Getting the tire itself on and off the rim is more than 9/10 of the work: the tube itself is no big deal. Not to detract from your original question, but...
Trust me: if I can change a tubed tire, so can you. It seems kind of intimidating, but it's really very simple.
It would seem to me that you have a lot more and better repair options with a tire and a tube than just a tubeless tire alone.
If you want to practice in your spare time, you can find an old wheel/tire to practice with. I bought one on eBay for $20 and spent the off-season peeling the tire off, poking holes in the tire and tube, repairing them, then remounting. It's a good way to figure out what tools and repair items work for you. If you don't have somebody with experience to help you, there are a lot of good videos available on YouTube that show the basics and folks on this forum are more than willing to answer your questions and recommend the tools they prefer.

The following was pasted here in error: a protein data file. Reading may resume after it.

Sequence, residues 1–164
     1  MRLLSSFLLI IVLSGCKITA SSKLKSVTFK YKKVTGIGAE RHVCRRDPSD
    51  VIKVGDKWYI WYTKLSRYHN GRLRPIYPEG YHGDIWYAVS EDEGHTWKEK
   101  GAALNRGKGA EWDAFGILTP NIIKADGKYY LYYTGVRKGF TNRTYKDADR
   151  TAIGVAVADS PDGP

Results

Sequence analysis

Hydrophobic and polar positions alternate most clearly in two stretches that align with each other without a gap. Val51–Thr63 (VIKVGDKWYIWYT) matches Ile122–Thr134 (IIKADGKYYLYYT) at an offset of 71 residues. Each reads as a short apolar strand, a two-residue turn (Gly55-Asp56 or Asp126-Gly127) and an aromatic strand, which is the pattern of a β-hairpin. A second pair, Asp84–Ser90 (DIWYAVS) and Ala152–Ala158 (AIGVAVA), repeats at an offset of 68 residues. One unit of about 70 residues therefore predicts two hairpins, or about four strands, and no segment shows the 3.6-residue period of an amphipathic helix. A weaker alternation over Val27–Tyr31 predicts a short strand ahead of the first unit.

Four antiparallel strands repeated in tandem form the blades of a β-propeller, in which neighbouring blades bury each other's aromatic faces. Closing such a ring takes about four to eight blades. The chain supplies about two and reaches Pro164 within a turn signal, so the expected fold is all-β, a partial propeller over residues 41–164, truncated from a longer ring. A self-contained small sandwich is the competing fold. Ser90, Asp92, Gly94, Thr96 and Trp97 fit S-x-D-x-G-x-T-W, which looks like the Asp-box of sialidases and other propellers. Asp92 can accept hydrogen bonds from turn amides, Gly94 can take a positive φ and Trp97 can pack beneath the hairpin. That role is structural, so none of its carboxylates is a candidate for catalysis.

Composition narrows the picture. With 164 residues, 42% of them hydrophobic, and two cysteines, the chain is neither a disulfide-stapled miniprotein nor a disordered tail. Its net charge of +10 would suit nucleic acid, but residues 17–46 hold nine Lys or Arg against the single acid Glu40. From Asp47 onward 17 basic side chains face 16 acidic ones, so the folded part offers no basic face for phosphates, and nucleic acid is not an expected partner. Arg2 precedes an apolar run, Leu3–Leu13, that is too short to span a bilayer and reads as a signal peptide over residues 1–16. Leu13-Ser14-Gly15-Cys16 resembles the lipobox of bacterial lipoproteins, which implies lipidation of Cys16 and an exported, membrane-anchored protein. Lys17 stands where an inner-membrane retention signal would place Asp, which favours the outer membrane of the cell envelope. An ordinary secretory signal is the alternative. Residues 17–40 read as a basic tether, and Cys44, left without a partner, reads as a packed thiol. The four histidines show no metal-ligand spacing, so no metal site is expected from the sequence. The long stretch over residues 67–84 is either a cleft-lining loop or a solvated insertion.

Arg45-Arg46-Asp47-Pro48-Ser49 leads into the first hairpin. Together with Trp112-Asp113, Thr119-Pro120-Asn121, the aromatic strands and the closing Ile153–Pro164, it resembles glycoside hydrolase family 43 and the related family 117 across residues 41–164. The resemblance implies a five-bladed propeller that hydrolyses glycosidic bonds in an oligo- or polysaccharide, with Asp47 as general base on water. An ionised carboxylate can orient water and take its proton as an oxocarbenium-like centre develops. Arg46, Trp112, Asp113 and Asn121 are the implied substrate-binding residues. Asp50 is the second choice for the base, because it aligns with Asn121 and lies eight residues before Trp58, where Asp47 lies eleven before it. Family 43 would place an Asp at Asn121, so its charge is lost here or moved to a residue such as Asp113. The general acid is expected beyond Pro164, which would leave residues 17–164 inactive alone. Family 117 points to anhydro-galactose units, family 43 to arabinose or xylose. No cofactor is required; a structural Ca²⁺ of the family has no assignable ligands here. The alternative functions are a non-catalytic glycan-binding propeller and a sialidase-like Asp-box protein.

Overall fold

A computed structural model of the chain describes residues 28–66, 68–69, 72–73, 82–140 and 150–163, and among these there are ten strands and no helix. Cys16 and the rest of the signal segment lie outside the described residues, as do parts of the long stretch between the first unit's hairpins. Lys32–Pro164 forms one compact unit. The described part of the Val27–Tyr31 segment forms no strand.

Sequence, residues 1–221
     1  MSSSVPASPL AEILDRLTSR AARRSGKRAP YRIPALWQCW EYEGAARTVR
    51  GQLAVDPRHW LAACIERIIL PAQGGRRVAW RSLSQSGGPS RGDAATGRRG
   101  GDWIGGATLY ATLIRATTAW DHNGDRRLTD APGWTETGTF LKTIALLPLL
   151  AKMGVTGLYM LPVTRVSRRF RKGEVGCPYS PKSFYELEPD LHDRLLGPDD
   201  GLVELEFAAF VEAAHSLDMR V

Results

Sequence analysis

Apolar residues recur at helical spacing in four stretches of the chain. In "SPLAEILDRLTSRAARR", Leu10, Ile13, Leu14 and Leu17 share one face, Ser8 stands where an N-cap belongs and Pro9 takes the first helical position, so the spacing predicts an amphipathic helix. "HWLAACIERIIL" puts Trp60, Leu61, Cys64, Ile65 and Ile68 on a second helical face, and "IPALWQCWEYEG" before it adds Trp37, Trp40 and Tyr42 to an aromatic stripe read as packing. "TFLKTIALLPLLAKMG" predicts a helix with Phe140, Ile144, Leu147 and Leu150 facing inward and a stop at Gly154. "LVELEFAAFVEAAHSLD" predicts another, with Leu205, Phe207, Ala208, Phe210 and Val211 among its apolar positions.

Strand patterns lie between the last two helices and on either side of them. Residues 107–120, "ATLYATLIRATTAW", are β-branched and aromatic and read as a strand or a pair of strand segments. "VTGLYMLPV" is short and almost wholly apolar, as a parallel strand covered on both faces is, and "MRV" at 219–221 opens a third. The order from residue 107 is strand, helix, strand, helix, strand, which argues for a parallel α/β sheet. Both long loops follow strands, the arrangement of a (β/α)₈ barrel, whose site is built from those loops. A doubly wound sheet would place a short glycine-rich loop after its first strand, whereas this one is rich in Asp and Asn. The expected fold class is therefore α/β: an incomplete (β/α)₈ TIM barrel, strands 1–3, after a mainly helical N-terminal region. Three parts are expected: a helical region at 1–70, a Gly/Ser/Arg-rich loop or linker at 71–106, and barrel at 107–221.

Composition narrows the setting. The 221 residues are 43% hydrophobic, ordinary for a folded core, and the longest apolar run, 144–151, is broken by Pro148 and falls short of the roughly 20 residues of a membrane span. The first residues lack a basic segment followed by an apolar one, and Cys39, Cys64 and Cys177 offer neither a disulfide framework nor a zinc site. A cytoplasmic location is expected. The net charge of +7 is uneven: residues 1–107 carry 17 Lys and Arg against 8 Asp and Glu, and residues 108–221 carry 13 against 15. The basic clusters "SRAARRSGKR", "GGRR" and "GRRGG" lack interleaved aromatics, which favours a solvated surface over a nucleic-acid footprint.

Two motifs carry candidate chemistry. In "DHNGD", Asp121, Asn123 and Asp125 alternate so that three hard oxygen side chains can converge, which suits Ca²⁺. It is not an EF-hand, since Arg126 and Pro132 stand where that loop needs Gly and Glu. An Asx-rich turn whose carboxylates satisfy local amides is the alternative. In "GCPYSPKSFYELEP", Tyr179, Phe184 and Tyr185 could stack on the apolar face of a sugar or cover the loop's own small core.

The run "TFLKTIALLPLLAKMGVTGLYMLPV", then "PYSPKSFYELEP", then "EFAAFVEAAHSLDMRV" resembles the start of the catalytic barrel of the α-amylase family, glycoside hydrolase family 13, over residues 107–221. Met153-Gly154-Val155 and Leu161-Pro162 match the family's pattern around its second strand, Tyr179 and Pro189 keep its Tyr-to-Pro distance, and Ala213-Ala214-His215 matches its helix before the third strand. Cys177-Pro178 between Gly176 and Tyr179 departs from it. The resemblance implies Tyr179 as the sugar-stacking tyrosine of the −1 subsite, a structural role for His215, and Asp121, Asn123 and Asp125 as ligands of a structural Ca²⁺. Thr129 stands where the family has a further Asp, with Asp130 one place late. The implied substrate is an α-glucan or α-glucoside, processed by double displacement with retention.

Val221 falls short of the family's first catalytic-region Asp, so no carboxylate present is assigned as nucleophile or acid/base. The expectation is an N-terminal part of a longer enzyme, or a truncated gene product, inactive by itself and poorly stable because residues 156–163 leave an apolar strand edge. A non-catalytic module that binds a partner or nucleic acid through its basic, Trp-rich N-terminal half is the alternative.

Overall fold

I haven't had to do it yet, but carry everything with me and no longer worry about repairing a flat tire roadside because I know I can do it. I had very little experience with tubed motorcycle tires before this.